She also said he would frequently ask her for photos and to go on trips with him. When he asked her to go on trips, he added they would be in the same hotel room, she added. According to her account, Zedaker told her that he did not like to go out, and would like to stay in the bed in the room all day. While he never said anything about sexual acts, she said he did make a comment that he wanted to hold her all day.
She claimed Zedaker invited her out to dinner on Valentine’s Day on one occasion. She was working an FSU basketball game on the day, testing athletes for COVID-19. After her and another employee were finished, he invited them into suite seats for the game.
She told investigators he said, “Do you see what I did for you? This is all for you.”
After the game, she went to her car. He then called her to ask her to dinner, she told investigators. After she told him she was going with her children’s father for dinner, he told her, “You really hurt my feelings.”
She said she received a $10-an-hour raise, several dollars more than other employees working at the COVID-19 clinic. In regard to the raise, she said Zedaker told her that he wanted to take care of her and that he would always take care of her.
Zedaker denied any sexual or romantic intentions in any communications with the employees during his first interview with investigators. However, investigators said in the report they viewed Zedaker’s credibility was diminished because of the evident flirtatious nature of some of the text messages. He disclosed several actions he took that violate university policy that investigators were previously unaware of.
He admitted to giving a third employee money to pay for the amount she owed for Licensed Practical Nurse (LPN) tuition (which was more than $3,000). Zedaker added he paid for her rent, car insurance, cell phone bill, utilities, groceries, hair appointment, gifts for her kids, and other unnamed expenses. Zedaker also indicated that he offered to pay for a hotel room for her to stay somewhere nice with her kids during Christmas.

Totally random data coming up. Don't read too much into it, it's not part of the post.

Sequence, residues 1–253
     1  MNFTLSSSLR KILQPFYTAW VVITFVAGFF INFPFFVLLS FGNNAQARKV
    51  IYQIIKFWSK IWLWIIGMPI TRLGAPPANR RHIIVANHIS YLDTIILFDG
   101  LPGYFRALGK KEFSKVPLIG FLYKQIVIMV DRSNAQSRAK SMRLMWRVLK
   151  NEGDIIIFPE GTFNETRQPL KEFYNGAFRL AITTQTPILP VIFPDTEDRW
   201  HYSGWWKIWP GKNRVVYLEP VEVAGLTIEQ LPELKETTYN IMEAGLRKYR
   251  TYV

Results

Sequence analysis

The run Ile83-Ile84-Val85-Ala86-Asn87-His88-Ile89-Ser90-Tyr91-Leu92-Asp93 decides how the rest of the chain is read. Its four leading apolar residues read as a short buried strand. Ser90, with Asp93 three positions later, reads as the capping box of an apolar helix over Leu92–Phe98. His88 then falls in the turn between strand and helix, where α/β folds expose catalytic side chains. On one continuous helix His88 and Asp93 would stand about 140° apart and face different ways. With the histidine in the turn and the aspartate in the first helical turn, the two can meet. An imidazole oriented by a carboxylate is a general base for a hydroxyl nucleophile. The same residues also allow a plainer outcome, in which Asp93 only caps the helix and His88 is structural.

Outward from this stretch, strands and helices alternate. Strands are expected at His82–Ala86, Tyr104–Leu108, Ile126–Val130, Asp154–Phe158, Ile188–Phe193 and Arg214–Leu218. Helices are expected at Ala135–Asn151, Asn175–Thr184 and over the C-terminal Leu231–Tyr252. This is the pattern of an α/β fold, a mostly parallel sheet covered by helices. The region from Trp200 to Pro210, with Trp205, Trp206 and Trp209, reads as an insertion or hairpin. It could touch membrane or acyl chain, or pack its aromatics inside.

According to Zedaker, she said to him that she would “do anything he asks,” at one point in their communications. He said he responded, “my only rule to help, my quid pro quo, is that you always be honest, don’t lie to me or try to manipulate me.”
He also said if she is back with her boyfriend or with another boyfriend, he doesn’t want to pay for someone else’s debts or her dates.
During Zedaker’s second interview, investigators showed him the text messages. He either confirmed or did not remember sending each message. He did not deny sending any of them to investigators.
Zedaker refused to sign the interview notes from both of his interviews with investigators.
FSU College of Medicine (COM) Dean John Fogarty announced Zedaker’s resignation amid the investigation to COM employees and students Friday, according to an email obtained by Florida Politics from an FSU employee. He also announced Associate Program Director Benjamin Smith has been appointed interim director.
“We stand ready to provide students, faculty and staff the support needed to avoid letting this unfortunate circumstance stand in the way of our progress,” Fogarty said.
In another email obtained by Florida Politics sent to Physician Assistant program faculty and students, Zedaker responded to Fogarty’s announcement. He said the statement “does not represent the facts around my retirement and the findings/activities of the report.”
“This was a target hit from a disgruntled worker. It also has nothing to do with our program. This was from COVID Site,” Zedaker wrote. “I have been traumatized through this whole process and ask that you do not believe what you read.”
He also said he was ashamed of Fogarty’s courage and of university leadership.
As associate dean, Zedaker was the founding director of FSU’s Physician Assistant program in 2016. During his tenure, the program has faced accreditation issues. It is currently on accreditation probation by the ARC-PA, according to the accrediting body’s website.
This has not been the only case of faculty sexual misconduct in FSU College of Medicine’s administration in recent years. Les Beitsch, the former chair of the college’s Department of Behavioral Sciences and Social Medicine, was found to have violated the university’s sexual misconduct policy in 2019, according to the Tallahassee Democrat.
The university also has found three professors guilty of sexual misconduct with students since 2020.
Schnittker said in an email to Florida Politics that reports of sexual misconduct are promptly investigated by the university.
“It is important that violations of the university’s sexual misconduct policy are promptly reported so the university can take immediate action,” he wrote. “The university has established many pathways to report concerns and is diligent in its responsiveness.”